Recommendations for driving with kids

Recommendations for driving with kids


Thursday, October 24, 2019

Print this page Email A Friend!

WHILE the question that your child is most likely to ask on a car ride is, “Are we there yet?”, the question that should be at the fore of your mind is, “Are we getting there safely?” Car safety for most adults is not very hard to figure out — buckle up and go. For children, however, car safety measures and apparatus are dependent on the age and size of the child, and safety requirements change as the child grows older.

Canute Hare, director of the Road Safety Unit in the Ministry of Transport, told All Woman that there is significant room for improvement in our safety practices when travelling with children.

“It is imperative that we not compromise the safety of our children, as they are really our heritage, and in my view we can do a lot better in terms of protecting them on the roads,” he chided.

Highlighting that driving with kids safely requires the right gear along with the right practices, he gave these recommendations:

Have an appropriate car seat

In some countries, the laws are so stringent that you cannot drive out of a hospital with a newborn unless he/she is in a car seat. While this is not enforced locally, motorists are required by law to ensure that babies and small children are carried safely in a child seats.

“Small children (usually, children up to age four) are required to ride in approved child safety seats or to use safety belts. Don't think that an adult can safely hold a child. Even a belted adult cannot protect a child during a collision,” the National Road Safety Council says. All child safety seats are not compatible with all cars or seats in cars. Make certain that your child safety seat will fit the car in which it will be used.

Establish and maintain car rules

“We continue to see people having children roaming around on the back seat of motor vehicles,” Hare lamented. “This is a dangerous practice, as the child will be flung forward in the event of a sudden brake. Train the child so that the child knows the proper car rules from early, so that the child does not depart from them.”

For example, if you insist that the car cannot start until the child is buckled in from an early age, it will eventually become second nature.

Never let a small child sit at the front

“We must be mindful of the fact that we shouldn't put them at the front. There is an airbag at the front and in case that airbag deploys it will deploy violently in 1.5 milliseconds, and that can be very dangerous to children,” Hare insisted.

“Until the child is about 13 years old it is safest that they buckle up in the back.”

Even some teenagers who may be small for their age, he said, might need to travel on the back seat as an airbag might do more harm than good.

Use a child lock on the doors

“A child lock is good to have on the motor vehicle so that the door cannot be opened from the inside,” he recommended. Child locks come in especially handy for the door next to your car seat if you have a curious toddler, and for children who are old enough to open the doors on their own.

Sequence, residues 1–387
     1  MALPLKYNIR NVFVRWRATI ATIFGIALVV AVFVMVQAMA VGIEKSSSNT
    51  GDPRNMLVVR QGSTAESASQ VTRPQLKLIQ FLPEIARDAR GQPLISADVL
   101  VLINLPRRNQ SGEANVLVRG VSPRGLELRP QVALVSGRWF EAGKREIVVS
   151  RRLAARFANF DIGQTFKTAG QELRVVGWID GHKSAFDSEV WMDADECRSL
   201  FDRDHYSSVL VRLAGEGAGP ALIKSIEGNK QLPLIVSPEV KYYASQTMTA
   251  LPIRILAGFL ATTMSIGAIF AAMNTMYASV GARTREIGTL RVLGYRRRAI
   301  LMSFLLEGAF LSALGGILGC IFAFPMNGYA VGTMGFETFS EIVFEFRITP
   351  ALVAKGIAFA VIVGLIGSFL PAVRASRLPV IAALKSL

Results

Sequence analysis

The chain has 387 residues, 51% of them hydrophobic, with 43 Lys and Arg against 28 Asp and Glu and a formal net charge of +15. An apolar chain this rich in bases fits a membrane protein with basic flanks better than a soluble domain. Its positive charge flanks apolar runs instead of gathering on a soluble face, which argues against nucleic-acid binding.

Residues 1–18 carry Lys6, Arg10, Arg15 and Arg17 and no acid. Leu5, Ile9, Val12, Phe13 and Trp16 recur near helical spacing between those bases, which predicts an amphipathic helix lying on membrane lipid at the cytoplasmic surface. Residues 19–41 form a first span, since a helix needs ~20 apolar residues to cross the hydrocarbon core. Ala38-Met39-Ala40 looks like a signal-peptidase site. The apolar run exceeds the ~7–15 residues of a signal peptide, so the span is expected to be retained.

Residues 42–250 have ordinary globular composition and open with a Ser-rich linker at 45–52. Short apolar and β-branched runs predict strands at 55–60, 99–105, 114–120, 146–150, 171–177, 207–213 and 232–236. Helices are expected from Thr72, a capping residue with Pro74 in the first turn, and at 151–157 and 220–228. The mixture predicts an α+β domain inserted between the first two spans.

Keep windows up when possible

Hare recommends that as much as possible you should drive with the windows even halfway up to prevent children from sticking their fingers, hands, and even heads out the window. Always ensure, however, that the car is well ventilated.

Never leave a child alone in a car

Not only does the Road Traffic Act seek to protect children in motor vehicles, but the Child Care and Protection Act speaks to ensuring that children are always safe and never neglected, and this includes the time they spend in motor vehicles. It is never safe to leave a child alone in a car, whether it is switched on or off. A child's body temperature increases very quickly, and so does the temperature inside an immobile car. This puts them at an increased risk of heat stroke (hyperthermia), which can damage the brain and other body organs, and can even lead to death.

Now you can read the Jamaica Observer ePaper anytime, anywhere. The Jamaica Observer ePaper is available to you at home or at work, and is the same edition as the printed copy available at




1. We welcome reader comments on the top stories of the day. Some comments may be republished on the website or in the newspaper � email addresses will not be published.

2. Please understand that comments are moderated and it is not always possible to publish all that have been submitted. We will, however, try to publish comments that are representative of all received.

3. We ask that comments are civil and free of libellous or hateful material. Also please stick to the topic under discussion.

4. Please do not write in block capitals since this makes your comment hard to read.

5. Please don't use the comments to advertise. However, our advertising department can be more than accommodating if emailed:

6. If readers wish to report offensive comments, suggest a correction or share a story then please email:

7. Lastly, read our Terms and Conditions and Privacy Policy

comments powered by Disqus



Today's Cartoon

Click image to view full size editorial cartoon